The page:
Motley Moose – Archive

Since 2008 – Progress Through Politics


As we come round the last bend toward the midterm elections of 2010, clearly an ‘economy’ election, it is worth reflecting on the trajectory of Republican economic theory and practice over the last few decades in an effort to pull the curtain back on some of their policy positions and rhetoric since Obama’s inauguration.

Let’s be clear, institutional Republicans want to remove the social support services in our country and return to what they imagine are the good ol’ days before income tax, Social Security and Medicare.  And they are deadly serious about it.  Don’t believe it?  Let’s review this archconservative economic manifesto in the concise words of its two-decades long architect, Grover Norquist:

To Norquist, who loves being called a revolutionary, hardly an agency of government is not worth abolishing, from the Internal Revenue Service and the Food and Drug Administration to the Education Department and the National Endowment for the Arts. “My goal is to cut government in half in twenty-five years,” he says, “to get it down to the size where we can drown it in the bathtub.”

Robert Dreyfuss – Grover Norquist: ‘Field Marshal’ of the Bush Plan The Nation 26 Apr 01

Strategically though, how does one dismantle programs, like Social Security, which are clearly favoured by voters of both parties?  Simple.  Reduce taxes, never unpopular, until there is a funding crisis and then use the ominous, looming deficit as an imperative for cutting services.  Oh, and the occasional unfunded war doesn’t hurt either.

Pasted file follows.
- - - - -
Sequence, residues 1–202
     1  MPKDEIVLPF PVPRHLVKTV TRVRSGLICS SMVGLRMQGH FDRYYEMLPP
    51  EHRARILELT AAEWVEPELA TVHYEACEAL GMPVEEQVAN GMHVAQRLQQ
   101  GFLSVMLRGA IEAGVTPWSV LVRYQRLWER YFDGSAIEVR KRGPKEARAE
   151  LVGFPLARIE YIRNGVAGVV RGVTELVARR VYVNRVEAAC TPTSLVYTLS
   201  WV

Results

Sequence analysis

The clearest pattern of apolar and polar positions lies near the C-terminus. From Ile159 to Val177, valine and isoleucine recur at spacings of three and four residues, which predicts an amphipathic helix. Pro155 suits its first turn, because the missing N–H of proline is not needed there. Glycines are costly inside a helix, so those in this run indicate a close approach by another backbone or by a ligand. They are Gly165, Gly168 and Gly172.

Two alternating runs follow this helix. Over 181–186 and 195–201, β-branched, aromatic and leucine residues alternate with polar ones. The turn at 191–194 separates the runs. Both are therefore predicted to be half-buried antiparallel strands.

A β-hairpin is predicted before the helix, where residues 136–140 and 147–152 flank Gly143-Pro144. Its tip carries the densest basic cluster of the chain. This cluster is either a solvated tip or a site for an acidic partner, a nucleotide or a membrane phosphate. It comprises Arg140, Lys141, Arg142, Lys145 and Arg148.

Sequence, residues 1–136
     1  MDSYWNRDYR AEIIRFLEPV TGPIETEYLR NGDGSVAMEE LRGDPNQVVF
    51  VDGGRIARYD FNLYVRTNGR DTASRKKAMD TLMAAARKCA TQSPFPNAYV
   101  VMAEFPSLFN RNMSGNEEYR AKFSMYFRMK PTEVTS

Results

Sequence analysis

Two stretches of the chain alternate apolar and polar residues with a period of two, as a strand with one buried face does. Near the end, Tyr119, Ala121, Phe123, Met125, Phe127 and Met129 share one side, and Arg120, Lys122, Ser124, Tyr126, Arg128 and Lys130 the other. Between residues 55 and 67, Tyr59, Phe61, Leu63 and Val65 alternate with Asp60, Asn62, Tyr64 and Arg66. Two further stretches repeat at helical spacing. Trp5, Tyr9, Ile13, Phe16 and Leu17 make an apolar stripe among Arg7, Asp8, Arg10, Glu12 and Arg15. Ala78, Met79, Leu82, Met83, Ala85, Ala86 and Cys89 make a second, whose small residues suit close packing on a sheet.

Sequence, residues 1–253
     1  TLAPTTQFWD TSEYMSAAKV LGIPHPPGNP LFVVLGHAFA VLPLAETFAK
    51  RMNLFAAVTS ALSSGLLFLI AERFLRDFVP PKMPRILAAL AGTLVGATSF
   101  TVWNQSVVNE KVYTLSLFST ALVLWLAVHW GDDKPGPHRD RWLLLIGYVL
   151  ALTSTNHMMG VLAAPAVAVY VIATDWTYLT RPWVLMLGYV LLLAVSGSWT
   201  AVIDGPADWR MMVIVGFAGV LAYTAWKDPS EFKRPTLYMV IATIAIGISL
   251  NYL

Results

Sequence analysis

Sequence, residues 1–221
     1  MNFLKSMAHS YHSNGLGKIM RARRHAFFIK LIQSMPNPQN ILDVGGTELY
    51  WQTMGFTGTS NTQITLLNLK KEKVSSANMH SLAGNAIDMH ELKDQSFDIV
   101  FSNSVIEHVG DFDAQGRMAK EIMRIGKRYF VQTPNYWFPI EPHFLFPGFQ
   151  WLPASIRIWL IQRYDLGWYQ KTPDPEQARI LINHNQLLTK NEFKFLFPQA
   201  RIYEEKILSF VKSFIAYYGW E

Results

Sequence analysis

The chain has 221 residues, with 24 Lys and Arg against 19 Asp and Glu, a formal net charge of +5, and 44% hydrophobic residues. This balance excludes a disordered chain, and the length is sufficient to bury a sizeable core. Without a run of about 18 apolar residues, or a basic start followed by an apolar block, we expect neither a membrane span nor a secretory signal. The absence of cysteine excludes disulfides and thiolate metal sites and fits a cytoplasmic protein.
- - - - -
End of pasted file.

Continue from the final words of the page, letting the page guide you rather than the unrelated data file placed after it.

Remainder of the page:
Grover Norquist founded Americans for Tax Reform, was the co-author of Gingrich’s Contract with America and a chief strategist for Bush’s $1.6T tax cut package.  Let’s unpack his recent take on the first year of the Obama administration:

Exactly one year after Obama, Reid, and Pelosi came together in power, they had increased the publicly held federal debt from $5.8 trillion to $7.6 trillion and increased the projected spending for the next 10 years by $1 trillion. The unfunded liability of Social Security and Medicare now stands at $22.3 trillion and rising. This deliberate explosion of debt and spending is designed to force permanent tax increases. Their ultimate goal is to impose a Value Added Tax (VAT) on top of higher income taxes. But Congress has failed to enact the three changes in law that would permanently alter the balance of power: rewriting labor law, nationalizing energy, and nationalizing health care.

Grover Norquist – Will 2010 Be Another 1994? The American Spectator Mar 10

Do you see what he did there?  This deliberate explosion of debt and spending is designed to force permanent tax increases.  He is crediting Democrats with precisely the opposite strategy to that which Republicans have adopted, namely that permanent tax cuts force a contraction of spending and the elimination of services.

So, why all the fuss about health care reform, the accusations of ‘socialism’ and ‘death panels,’ the desperate and inflamed rhetoric?  Surely a fix was needed, the average American household is paying way too much of its annual income for health services.  Because Republicans are afraid that a single-payer health care system would be a ‘point of no return’ for their aspirations: